TV Review: Westworld Season 2 (2018)



Westworld is back and just as confusing, fascinating, and entertaining as ever. Season 1 ended with the assassination of Robert Ford (Anthony Hopkins), Park Director, by Dolores Abernathy (Evan Rachel Wood), the park’s most notable host who has come to realize what the nature of her reality is. From this point on, it is a battle between the hosts, who want to escape Westworld and destroy it, and the humans, who want to regain control of Westworld and destroy the hosts. Within this battle, there are several storylines involving the main characters from Season 1. William aka the Man in Black (Ed Harris) is trying to win Ford’s “game” as he searches all over Westworld to find the true meaning behind it. Meanwhile, Dolores and Teddy are rounding up the other hosts as they try to battle back and escape Westworld. Bernard (Jeffrey Wright) finds Elsie, a Westworld employee in the programming division who was lost in Season 1, and the two try to figure out what is causing the abnormal behavior of the hosts. Finally, Maeve (Thandi Newton) is on a mission to find her daughter once she realizes her past.


One of the most interesting things about this season is the revelation of the true purpose of Westworld. The idea of Westworld is not solely a park where guests can do whatever they want consequence-free, but rather a venue in which to collect data about the hosts experiences and decisions. All of this time, it wasn’t the hosts that were being monitored and studied, it was the guests. What the was the reason for this? Something that humans have been trying to figure out since the dawn of time: how to achieve immortality. By obtaining a comprehensive data set of an individual’s every move and decision within a world where that individual does not know they are being monitored and there are no consequences, the Westworld scientists can develop an accurate profile of who that person really is. Once that profile is created, it can be programmed into a host body effectively allowing that person’s consciousness to live forever in a body identical to their physical one but indestructible. However, we see during the season that experiments to make this happen repeatedly fail – the human consciousness cannot survive long-term within a host body. The reason for this is revealed in the season finale, which is one of my favorite episodes of television.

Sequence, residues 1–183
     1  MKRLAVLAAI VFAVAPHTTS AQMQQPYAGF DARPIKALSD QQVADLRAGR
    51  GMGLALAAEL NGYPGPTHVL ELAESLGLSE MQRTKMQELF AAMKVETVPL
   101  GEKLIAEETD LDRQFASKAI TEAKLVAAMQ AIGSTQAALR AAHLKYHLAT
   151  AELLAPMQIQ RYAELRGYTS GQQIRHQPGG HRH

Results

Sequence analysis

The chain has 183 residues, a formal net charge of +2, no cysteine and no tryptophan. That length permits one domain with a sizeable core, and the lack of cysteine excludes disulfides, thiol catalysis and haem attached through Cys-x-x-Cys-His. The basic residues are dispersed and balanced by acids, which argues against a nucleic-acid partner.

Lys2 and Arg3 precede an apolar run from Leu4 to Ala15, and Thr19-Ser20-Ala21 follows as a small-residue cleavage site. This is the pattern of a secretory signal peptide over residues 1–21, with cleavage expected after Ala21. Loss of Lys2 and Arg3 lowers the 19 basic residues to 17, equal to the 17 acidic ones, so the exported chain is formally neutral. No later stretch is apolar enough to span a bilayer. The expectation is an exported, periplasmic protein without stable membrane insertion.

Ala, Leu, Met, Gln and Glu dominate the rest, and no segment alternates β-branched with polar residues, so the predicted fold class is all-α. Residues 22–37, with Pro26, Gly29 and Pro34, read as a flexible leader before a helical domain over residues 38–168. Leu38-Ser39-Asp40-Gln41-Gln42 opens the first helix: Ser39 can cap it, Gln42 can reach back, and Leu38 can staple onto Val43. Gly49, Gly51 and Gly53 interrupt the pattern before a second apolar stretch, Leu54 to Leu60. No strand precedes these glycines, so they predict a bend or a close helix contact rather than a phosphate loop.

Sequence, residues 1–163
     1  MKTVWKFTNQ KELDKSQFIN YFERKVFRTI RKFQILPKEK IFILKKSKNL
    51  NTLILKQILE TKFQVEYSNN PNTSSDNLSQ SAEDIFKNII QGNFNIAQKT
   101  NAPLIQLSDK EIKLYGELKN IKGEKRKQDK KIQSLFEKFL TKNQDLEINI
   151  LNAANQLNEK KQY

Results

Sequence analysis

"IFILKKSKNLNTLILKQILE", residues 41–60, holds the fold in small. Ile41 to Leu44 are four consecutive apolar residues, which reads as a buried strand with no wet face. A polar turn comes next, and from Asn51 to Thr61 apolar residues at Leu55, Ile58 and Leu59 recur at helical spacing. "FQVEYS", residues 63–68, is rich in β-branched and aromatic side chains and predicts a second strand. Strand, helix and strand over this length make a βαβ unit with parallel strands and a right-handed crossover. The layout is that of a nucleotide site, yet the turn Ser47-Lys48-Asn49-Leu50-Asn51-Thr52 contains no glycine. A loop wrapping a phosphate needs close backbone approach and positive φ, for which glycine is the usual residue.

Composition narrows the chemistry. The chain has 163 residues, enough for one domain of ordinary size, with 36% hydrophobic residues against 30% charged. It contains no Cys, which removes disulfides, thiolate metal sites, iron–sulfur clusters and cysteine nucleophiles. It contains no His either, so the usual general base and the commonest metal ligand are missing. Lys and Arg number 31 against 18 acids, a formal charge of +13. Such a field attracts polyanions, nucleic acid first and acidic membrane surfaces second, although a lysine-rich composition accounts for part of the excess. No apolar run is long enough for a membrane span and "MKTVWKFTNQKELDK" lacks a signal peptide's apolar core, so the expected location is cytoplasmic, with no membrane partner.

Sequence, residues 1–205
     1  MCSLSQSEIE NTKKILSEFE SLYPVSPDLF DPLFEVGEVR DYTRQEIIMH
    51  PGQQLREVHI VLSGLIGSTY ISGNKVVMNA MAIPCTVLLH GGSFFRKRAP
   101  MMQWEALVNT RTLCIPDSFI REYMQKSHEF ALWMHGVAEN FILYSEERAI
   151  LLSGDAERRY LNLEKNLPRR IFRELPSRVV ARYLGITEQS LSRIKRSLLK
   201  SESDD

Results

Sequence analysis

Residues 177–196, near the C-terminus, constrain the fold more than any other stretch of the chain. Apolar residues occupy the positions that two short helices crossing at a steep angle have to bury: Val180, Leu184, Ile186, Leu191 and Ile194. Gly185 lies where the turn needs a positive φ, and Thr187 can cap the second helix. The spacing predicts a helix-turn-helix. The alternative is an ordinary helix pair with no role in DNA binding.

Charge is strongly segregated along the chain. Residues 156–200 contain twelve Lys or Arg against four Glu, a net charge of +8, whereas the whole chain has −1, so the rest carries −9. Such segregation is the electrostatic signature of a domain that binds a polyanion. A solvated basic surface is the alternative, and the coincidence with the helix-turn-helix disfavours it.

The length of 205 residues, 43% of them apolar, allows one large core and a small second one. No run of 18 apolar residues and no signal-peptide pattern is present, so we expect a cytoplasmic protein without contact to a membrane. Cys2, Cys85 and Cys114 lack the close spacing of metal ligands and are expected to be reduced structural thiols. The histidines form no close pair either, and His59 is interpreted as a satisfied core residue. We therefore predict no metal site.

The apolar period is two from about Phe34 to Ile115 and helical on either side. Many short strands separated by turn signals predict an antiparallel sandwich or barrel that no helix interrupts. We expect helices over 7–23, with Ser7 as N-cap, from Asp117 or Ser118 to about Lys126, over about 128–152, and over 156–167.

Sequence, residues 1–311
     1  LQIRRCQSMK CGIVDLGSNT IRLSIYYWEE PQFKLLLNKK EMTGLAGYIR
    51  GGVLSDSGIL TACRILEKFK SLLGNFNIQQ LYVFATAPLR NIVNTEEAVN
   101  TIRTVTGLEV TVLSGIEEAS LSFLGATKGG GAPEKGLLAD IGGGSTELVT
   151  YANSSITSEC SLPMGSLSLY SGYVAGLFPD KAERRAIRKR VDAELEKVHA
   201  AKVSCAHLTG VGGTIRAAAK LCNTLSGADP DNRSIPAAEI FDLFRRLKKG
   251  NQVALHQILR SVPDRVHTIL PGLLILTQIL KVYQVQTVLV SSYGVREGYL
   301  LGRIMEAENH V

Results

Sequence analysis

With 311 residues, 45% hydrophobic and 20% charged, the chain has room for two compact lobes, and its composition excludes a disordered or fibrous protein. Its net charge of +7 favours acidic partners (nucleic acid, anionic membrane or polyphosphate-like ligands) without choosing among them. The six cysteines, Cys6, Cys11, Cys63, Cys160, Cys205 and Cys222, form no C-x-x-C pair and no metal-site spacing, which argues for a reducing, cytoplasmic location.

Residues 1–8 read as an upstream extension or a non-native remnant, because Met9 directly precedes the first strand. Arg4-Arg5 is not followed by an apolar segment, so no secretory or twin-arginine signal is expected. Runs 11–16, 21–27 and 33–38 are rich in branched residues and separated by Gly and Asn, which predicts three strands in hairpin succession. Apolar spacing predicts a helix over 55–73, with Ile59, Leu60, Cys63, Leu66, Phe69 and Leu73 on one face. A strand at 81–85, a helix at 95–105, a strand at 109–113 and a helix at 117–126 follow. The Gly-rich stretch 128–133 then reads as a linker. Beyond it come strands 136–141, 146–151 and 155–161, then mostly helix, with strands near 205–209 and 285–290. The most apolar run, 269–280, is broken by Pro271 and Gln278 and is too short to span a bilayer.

In the season finale, Bernard and Elsie discover The Forge within Westworld, where all of the guests data is being tracked and stored. In The Forge, they meet a host version of Logan Delos, son of James Delos of Delos Inc., the company that owns Westworld. He explains the reason that the experiments to recreate humans in host bodies failed was because the code in the hosts was too complex. Humans, he says, have a very simple code and are not as complex as we might think. This idea also leads into the main theme of this season overall: free will vs. determinism. Westworld argues that it is in fact the hosts that have free will and the humans that have a predetermined destination. This helps explain why the hosts were ultimately able to become self-aware and change their destiny from a repeated loop of timelines within Westworld to one where they chose to break out of that loop and seek the real world. On the other end, the experiments to replicate humans in host bodies always resulted in that human arriving at the same destination every time, suggesting that we don’t have the ability to determine our final destination even if we do have the ability to make choices along the way.

man in black

Once again, Westworld does a phenomenal job in exploring the very fundamental concepts of human nature in a way that we have never seen before. The show takes a deep dive at exploring what truly makes us human, and questions what the line is between human being and artificial intelligence. I think this is a fascinating concept to think about while living in a world where virtual reality is becoming more and more enhanced, slowly blurring the line between what is real and what isn’t. Throughout this whole season, you began to question who was real and who was a host. You couldn’t make any assumptions, but instead had to really pay attention to every move and every decision that was being made. This season was certainly very confusing at times, constantly jumping between different timelines, so I often had to read articles and analysis after each episode explaining what happened. However, I really enjoyed the season overall and am very excited for Season 3.

Let me know your thoughts about this season in the comments down below.


About Pierro Perspective

Die hard Boston sports fan
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